Professors John Bracey and Chris Tinson are quoted in an article remembering Amiri Baraka: see

Diverse Issues in Higher Education.


This year's recipient of the Darwin T. Turner Award for the best essay representing any period in African American or pan-African literature and culture is: Robin Bernstein, "Utopian Movements: Nikki Giovanni and the Convocation following the Virginia Tech Massacre"
Receiving Honorable Mention: Britt Rusert, "The Science of Freedom: Counterarchives of Racial Science on the Antebellum Stage"

Tracy Lectures, Performs at Hong Kong Conference

November 19, 2013

Professor Steve Tracy of Afro-American studies was an invited speaker and performer at the 10th anniversary of the America Studies Network conference (USCET-ASN) in China: Transnational Currents of U.S.-China Relations, held Nov. 15-17 at the University of Hong Kong, Centennial Campus. Tracy delivered a paper titled “Play It Like You Did Back to George Street,” dealing with the aesthetic relationship between literature and music, and performed solo on harmonica and vocals as the climax of the conference. See Inside UMass for more..see video from conference.


Renowned Poet Sonia Sanchez--Tribute to John Bracey at the ASALH Conference in Jacksonville, Florida.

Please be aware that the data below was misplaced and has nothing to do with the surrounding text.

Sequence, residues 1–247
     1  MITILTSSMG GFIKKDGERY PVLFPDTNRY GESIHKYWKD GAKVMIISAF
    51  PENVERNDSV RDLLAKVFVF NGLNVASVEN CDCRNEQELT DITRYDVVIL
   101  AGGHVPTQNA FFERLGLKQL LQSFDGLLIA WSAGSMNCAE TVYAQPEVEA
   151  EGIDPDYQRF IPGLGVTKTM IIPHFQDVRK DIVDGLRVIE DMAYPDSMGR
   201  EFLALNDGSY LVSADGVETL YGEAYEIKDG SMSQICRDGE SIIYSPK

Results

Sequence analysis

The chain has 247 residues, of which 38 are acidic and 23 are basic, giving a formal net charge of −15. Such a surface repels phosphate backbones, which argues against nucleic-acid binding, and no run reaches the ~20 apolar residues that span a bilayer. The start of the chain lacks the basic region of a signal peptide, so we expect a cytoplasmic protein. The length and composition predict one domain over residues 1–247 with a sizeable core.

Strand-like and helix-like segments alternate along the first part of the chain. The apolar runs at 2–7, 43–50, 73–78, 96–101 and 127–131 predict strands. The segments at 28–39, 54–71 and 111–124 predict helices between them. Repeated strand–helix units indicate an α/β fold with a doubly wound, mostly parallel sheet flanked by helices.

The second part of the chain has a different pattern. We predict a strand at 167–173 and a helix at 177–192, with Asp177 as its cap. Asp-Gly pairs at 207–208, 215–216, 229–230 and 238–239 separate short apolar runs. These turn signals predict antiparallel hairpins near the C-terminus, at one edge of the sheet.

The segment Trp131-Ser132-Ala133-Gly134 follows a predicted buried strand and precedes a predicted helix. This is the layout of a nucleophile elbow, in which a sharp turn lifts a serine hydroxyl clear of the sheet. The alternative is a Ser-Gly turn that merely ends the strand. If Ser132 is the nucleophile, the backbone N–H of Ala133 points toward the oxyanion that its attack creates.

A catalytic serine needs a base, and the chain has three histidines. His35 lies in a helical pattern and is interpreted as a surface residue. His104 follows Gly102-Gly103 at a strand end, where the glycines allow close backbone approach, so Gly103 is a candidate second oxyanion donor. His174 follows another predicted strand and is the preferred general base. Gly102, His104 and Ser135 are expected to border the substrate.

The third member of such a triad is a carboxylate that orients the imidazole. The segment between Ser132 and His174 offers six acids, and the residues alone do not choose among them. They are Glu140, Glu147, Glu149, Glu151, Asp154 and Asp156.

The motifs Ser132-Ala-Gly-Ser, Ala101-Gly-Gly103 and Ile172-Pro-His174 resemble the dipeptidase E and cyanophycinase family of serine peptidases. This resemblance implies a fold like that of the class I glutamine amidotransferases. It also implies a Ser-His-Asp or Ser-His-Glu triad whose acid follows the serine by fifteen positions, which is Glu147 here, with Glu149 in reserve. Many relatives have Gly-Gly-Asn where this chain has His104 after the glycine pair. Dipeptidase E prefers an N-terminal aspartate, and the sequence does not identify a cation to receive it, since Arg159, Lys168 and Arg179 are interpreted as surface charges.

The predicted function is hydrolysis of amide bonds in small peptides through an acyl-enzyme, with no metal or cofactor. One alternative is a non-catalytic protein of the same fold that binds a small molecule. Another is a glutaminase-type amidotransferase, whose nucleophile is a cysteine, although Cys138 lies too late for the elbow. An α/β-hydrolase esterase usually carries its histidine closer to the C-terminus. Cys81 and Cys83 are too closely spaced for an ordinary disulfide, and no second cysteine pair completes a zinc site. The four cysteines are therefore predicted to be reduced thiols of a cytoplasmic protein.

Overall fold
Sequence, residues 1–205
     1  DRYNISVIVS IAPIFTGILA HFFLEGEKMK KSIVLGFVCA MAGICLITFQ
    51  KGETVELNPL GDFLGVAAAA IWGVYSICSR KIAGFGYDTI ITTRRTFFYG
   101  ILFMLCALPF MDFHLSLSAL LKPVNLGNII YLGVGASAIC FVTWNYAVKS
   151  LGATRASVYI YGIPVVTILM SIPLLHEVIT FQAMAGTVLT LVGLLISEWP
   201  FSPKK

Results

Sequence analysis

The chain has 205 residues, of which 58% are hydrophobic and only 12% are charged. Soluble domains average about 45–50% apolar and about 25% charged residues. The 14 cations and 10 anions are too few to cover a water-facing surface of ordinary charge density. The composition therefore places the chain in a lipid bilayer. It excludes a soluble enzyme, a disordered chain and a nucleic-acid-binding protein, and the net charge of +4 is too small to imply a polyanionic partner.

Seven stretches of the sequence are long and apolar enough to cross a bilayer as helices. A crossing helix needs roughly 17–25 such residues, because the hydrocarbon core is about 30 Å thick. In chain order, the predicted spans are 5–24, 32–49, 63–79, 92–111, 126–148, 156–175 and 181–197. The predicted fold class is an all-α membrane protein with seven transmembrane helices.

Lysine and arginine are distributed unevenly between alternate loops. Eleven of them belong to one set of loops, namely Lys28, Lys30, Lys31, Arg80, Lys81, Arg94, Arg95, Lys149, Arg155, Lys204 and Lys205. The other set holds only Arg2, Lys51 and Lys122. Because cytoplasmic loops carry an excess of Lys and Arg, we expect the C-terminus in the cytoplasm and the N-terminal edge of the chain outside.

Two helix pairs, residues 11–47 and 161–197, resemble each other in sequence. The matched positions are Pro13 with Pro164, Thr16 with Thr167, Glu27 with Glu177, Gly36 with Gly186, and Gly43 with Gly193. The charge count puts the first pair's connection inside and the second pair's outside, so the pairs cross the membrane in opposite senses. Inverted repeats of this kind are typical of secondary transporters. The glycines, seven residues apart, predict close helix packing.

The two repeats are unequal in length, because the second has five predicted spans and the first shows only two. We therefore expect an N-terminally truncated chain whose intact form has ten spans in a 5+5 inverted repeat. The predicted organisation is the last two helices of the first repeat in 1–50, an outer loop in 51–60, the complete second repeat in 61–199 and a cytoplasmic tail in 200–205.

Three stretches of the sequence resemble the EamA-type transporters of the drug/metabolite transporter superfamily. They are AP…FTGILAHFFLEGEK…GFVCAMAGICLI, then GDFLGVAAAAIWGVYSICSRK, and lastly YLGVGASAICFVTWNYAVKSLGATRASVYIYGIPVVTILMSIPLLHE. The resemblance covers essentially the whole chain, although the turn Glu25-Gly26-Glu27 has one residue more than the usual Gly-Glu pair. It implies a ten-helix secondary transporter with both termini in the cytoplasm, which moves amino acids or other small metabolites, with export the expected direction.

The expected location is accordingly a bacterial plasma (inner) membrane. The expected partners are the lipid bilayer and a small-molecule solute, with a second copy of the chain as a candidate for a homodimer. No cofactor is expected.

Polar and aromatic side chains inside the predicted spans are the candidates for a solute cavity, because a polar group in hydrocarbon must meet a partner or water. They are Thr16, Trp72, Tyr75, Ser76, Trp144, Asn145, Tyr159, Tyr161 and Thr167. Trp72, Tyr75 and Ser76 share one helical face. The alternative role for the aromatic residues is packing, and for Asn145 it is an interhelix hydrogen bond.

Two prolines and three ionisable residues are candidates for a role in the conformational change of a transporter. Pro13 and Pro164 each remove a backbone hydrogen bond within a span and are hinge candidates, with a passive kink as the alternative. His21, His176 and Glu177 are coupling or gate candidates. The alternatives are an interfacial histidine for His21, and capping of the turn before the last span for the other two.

On January 19th, 2013 Archie Shepp, Professor Emeritus, will be returning to Goddard College in Plainfield, Vermont to receive the "Goddard Award for Excellence".  The award has been granted only three times in the history of the college. Professor Shepp received his undergraduate degree from Goddard in 1959. In conjunction with the award, Professor Shepp will be performing  on the Goddard campus at 8:00pm at the Haybarn Theatre accompanied by musicians Tom McClung, Ronnie Burrage and Nicolas Letman Burtinovic.   Archie Shepp was a member of the Du Bois Department for over thirty years. Well done Professor Shepp.  See full press release here.


Emeritus Professor Ekwueme Michael Thelwell represented the department (and the University) when he delivered the keynote address in the "National Week of Respect" in celebration of the life of Chinua Achebe in his native Nigeria on May 20th, 2013 at the International Conference Center in Abuja the capitol.  After which our brother traveled to Eastern Nigeria for the traditional ceremonies of celebration and burial by Achebe's family and kinsmen.  As you know Professor Thelwell has taught courses on Achebe's work in the department for many years.


See Professor John Bracey's poetry on a mural in Philadelphia. Click on the photo for a pdf version.

Professors John Bracey and Chris Tinson are quoted in an article remembering Amiri Baraka: see

Diverse Issues in Higher Education.



This year's recipient of the Darwin T. Turner Award for the best essay representing any period in African American or pan-African literature and culture is:

Robin Bernstein, "Utopian Movements: Nikki Giovanni and the Convocation following the Virginia Tech Massacre"

Receiving Honorable Mention: Britt Rusert, "The Science of Freedom: Counterarchives of Racial Science on the Antebellum Stage"

Tracy Lectures, Performs at Hong Kong Conference

November 19, 2013